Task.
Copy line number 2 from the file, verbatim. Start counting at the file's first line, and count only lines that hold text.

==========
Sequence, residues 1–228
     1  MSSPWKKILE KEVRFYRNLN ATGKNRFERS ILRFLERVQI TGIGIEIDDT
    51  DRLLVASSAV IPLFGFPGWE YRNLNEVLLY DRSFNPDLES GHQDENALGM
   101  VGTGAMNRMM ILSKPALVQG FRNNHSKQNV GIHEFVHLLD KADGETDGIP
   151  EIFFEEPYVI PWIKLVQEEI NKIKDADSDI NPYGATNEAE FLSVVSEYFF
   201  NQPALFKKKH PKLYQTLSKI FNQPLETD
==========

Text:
     1  MSSPWKKILE KEVRFYRNLN ATGKNRFERS ILRFLERVQI TGIGIEIDDT